The study is currently in the survey stage and has not yet been completed.



     Mental rotation in toddlers

This study examines the ability of toddlers between the ages of three and six to mentally rotate objects. Since our studies with infants showed a relationship between this ability and motor development, we want to know if this relationship continues in toddlerhood. 

To make the study fun for the children, the children's "task" is to help the hand puppet, Seppi, with a circus performance. For this, the children see different colorful blocks and have to decide which block is the most suitable to build the circus ring. In another task, they have to indicate which circus performers they have already seen. 

To get information about the children's motor skills, they complete some "acrobatic" exercises, such as balancing. 
This study has just begun and we are looking forward to many more helpers.



     Motor adaptation to the change of a task typical for everyday life


In this study, we are interested in motor adaptation to changes in force conditions in (young) children aged 17 to 19 months and 3 years. Here, children are given the task of opening a drawer several times and collecting wooden blocks from the drawer, and placing them in a box. To make this playful, we tell the children that they are collecting food (e.g. yellow wooden blocks as bananas) for animals (e.g. a monkey, which is pictured on the box). The drawer is sometimes easier and sometimes harder to open and we test the children's response to this change. We measure the children's muscle activity using surface electromyography on the forearm and the opening speed of the drawer using our camera system.

Initial results of the data analysis show that children as young as 1.5 years of age exhibit mechanisms of motor adaptation. This means that they are able to quickly adapt their behavior to their environment. Previous studies could only show this for 3-year-olds or older children. However, at the age of 1.5 years, children need even more time to adapt to changes than 3-year-olds and adults. In addition, their adaptation mechanisms are also still much more variable, which means that they cannot yet use the new effort required to open the drawer as precisely. Complex relationships are responsible for motor adaptation that even 3-year-olds have not yet fully mastered, so force adaptation is also still less efficient for them than it is for adult participants.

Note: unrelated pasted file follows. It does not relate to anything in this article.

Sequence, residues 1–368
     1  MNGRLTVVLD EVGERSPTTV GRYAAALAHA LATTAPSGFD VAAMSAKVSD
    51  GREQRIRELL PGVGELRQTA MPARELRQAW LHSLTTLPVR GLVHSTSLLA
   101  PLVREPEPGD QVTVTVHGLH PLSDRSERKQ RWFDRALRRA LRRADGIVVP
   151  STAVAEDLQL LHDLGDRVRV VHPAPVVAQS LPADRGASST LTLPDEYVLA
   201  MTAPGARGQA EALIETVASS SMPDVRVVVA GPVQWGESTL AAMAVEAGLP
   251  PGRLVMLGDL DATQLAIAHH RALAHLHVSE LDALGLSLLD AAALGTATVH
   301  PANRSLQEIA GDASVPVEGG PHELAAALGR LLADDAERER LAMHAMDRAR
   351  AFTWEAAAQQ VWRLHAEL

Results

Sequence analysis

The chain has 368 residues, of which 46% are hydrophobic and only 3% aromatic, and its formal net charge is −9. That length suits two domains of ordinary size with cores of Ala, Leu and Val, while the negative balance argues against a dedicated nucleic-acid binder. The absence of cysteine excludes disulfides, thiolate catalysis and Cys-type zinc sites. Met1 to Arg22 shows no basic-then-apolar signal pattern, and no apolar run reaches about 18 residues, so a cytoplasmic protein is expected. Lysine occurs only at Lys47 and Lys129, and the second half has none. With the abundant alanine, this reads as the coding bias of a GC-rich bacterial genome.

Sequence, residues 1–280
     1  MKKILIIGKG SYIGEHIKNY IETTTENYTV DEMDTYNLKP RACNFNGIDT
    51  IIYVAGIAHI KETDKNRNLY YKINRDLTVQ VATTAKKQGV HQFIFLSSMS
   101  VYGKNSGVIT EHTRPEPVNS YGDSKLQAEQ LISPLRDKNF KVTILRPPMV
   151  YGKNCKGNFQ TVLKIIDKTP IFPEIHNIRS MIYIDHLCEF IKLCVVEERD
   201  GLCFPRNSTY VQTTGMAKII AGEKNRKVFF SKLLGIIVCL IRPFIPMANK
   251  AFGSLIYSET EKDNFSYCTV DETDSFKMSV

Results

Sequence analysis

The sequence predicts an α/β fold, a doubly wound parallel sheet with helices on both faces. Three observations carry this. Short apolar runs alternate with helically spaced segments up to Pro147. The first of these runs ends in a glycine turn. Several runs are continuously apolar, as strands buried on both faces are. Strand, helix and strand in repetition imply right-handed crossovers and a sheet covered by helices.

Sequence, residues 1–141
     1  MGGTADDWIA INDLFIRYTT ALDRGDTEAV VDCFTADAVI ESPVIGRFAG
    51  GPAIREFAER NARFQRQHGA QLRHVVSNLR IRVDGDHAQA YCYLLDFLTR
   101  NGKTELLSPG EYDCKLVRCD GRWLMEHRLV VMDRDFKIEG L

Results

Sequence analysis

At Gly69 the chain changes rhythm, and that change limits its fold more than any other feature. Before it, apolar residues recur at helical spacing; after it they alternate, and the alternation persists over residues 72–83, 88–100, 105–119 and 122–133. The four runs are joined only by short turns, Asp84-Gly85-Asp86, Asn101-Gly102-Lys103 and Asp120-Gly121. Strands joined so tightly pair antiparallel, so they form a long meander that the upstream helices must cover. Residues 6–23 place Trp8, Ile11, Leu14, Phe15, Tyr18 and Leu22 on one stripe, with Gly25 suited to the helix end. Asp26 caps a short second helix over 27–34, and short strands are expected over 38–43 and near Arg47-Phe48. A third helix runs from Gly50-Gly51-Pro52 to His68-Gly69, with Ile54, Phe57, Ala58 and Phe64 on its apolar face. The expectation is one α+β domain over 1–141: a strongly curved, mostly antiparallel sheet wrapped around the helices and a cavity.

The experiment is still running and we are looking forward to any further participation! If you are interested, please contact us by e-mail ( or leave a message on our answering machine (0641/9926003).


Perception of materials

This project is about the question of how children at the age of 6 perceive different properties of materials. In particular, we are interested in whether and how they distinguish permanently deformable materials (e.g. clay or plasticine) from elastic materials (e.g. foam). For us adults, this distinction is relatively easy because we can feel such differences with special hand grips. We would now like to find out whether children who are allowed to explore objects made of different materials with their hands can also distinguish between corresponding materials, and whether they adapt their hand movements to the properties of the materials.

For this purpose, the children are allowed to explore either an elastic or a plastic object, which looks identical, by looking at it and feeling it. Then, two visually identical objects (each elastic/plastic) are manipulated by another person and the children are allowed to watch. Afterwards, the children are asked to decide which of the two objects corresponds to the one they have previously engaged with themselves. This current study continues a series of studies with children of different ages that began some time ago. In the groups surveyed so far (11 months, 3 years, 5 years), it appears that children are not able to distinguish subtle differences in materials, such as different types of deformability until they are 5 years old. The study with the 6-year-old children is currently being collected.



     Perception and processing of familiar size in infancy